Working in the Open: Weeks 31 & 32
One of Code for Canada’s principles is to operate in public. These bi-weekly blog posts put that value into practice, giving readers a window into what we’re doing — and how we do it.
If the past two weeks at Code for Canada were a meal, they’d be a healthy, homemade soup. With onboarding finished, many of us have been able to return to the deep work and strategic planning that helps nourish and sustain our organization. Other members of the Code for Canada are still on the run, travelling for conferences, but they’re meeting supporters, friends and others solving similar problems — it’s a different kind of work, but also restorative!
Lia is diving into the early stages of monitoring and evaluation for the fellowship. We’re surveying fellows and government hosts about their experience of onboarding, as well as their own goals for the the program. The data will help us improve future iterations of onboarding and track the overall progress of the fellowship. The program is about so much more than just building a great digital public service; it’s about knowledge exchange and cultural change. Having information about what the situation is like on the ground today will help us to show the impact fellows have tomorrow.
Lia is also preparing to lead future fellowship programs. We’re lining up government hosts for 2018, and she’s incorporating lessons about project scoping, recruitment and onboarding into our understanding of what it takes to deliver a team of fellows to government. Lia’s a fan of physical prototypes, so she’s been carrying a huge kanban board around the office, full of sticky notes outlining the resources involved in every stage of the fellowship.
Meghan continued her conference tour, speaking at both DemocracyXChange in Toronto and GovMaker in New Brunswick. While at the latter, she dropped by Civic Tech Fredericton’s Tuesday hacknight! Civic Tech Fredericton is one of the newest civic tech groups in Canada, but it’s already home to a thriving community — even Mayor Mike O’Brien was in attendance to chat about the exciting new Digital Fredericton strategy (Editor’s note: we believe this makes Fredericton the first civic tech group to boast mayoral participation. Achievement unlocked!). Cities across Canada can benefit from the work being done at civic tech hacknights, so it’s great to see senior municipal leaders taking note!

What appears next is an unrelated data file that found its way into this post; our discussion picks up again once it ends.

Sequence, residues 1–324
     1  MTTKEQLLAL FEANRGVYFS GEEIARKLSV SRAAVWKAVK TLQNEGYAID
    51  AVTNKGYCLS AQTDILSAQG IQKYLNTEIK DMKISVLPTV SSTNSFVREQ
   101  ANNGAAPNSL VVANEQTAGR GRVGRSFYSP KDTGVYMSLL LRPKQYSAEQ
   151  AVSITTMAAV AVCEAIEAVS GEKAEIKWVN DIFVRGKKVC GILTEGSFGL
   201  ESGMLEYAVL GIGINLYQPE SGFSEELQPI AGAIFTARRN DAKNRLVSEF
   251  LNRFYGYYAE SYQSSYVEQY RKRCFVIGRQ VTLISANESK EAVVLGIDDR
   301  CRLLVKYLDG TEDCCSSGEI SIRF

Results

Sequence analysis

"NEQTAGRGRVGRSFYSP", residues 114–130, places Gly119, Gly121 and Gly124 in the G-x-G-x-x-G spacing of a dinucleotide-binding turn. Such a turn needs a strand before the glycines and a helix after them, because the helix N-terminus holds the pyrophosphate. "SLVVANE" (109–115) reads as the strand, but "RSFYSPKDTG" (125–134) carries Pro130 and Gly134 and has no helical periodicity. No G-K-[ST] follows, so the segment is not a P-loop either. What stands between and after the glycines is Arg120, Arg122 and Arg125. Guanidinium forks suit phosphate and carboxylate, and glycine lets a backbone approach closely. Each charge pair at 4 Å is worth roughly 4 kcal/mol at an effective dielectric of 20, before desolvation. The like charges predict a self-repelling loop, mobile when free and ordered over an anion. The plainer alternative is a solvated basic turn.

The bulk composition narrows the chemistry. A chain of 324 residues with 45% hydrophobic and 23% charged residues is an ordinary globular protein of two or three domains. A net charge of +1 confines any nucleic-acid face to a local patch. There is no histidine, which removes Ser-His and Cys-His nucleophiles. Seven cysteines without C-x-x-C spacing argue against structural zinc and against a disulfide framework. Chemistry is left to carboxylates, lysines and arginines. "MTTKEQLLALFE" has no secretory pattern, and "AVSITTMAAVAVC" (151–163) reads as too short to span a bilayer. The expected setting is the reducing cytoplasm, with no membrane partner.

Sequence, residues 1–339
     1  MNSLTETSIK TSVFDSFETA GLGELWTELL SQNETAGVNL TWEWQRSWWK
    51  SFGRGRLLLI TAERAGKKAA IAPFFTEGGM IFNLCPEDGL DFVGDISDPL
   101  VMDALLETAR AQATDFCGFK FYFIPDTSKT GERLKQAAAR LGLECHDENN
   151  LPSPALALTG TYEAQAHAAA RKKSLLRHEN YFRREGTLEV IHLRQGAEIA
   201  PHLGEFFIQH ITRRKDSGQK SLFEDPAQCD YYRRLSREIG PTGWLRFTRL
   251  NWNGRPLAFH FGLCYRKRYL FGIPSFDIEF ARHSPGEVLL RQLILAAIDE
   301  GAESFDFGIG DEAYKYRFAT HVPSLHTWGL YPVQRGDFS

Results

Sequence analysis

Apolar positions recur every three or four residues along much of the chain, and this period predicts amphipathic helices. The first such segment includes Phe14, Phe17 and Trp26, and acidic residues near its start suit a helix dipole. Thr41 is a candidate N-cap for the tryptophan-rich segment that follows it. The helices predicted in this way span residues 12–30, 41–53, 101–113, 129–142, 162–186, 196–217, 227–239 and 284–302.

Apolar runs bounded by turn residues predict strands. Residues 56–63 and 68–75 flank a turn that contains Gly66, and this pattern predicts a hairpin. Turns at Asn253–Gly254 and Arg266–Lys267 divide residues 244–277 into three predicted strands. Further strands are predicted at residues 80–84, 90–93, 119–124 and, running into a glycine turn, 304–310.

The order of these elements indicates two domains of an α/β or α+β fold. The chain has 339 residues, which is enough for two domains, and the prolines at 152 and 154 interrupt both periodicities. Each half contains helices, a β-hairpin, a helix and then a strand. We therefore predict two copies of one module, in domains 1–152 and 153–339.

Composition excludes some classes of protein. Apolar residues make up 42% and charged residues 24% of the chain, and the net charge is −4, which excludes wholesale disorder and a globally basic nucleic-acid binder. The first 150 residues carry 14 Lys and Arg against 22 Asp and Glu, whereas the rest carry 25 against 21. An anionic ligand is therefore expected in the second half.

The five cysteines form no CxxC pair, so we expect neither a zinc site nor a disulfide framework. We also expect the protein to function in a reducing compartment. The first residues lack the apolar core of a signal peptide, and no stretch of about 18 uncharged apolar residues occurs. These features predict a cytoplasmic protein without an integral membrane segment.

Now that she’s back, Meghan is turning her attention to CodeAcross Toronto, the annual civic hackathon that brings government and non-profit innovators together with the civic tech community. CodeAcross Toronto 2018 is slated for next March; in the interim, Code for Canada, in conjunction with Ontario’s Public Service Policy Innovation Hub, the Open Government and the Ministry of Advanced Education and Skills Development, is offering a free workshop Dec. 12 for anyone interested in being a hackathon challenge owner. If you’re curious about how the latest methods in technology and design can help you fulfill your public good goals, or if you’re looking to engage tech-savvy residents around a certain issue or dataset, RSVP for the workshop!
Luke is putting the finishing touches on the next iteration of codefor.ca. We conducted user testing over the summer, and have made a series of changes aimed at helping visitors discover ways to get involved with Code for Canada through our website. As a former journalist, Luke doesn’t have a background in tech or product, so the project has been a window — albeit a small one — into the world of user research, iteration and development! The site still needs to be translated, audited for accessibility and mobile, but we’re aiming to have it go live before the new year.
When he hasn’t been crafting new calls to action on our website, Luke has also been developing a more robust content strategy for Code for Canada. There are so many stories of civic tech and digital government success in Canada that aren’t being told — stories of real change and impact in government, stories of communities coming together to address challenges using tech and design, and stories of entrepreneurs finding new business models by serving the public good! We want to find those stories and share them with our growing audience. So, if you have a digital government or civic tech story you’d like to see told, let us know! You can reach Luke at email@example.com.
Dorothy delivered the keynote address at the Infonex Digital Government Conference this week! She met some folks from the public, private and non-profit sectors from across Canada doing amazing work helping governments to modernize their services to better meet residents’ needs. Everywhere Code for Canada has gone this fall, there’s been lots of interest in the fellowship program, and Infonex was no different!
The Ontario fellowship team stopped by our Open House Thursday to recap their first two weeks at the Ministry of Advanced Education and Skills Development! They introduced themselves, discussed their plans for the fellowship project — which involves enhancing the experience of Ontarians navigating the adult education system — and chatted with Code for Canada supporters. We recruit fellows based on their experience delivering impactful and user-friendly digital products, but working in the open is a key plank of the fellowship, so it’s definitely a bonus to have an entire team of great communicators!
Lastly, the employee of the week(notes) certainly goes to Jenny, who’s been hard at work preparing Code for Canada’s books for the end of the year. Jenny has taken our financials to the next level, integrating our various spreadsheets with the right software solution, and enabling staff to easily track and be accountable for their program budgets.
That’s all for now! Thanks for reading about everything that happens behind the scenes at Code for Canada. We’ll see you in two weeks!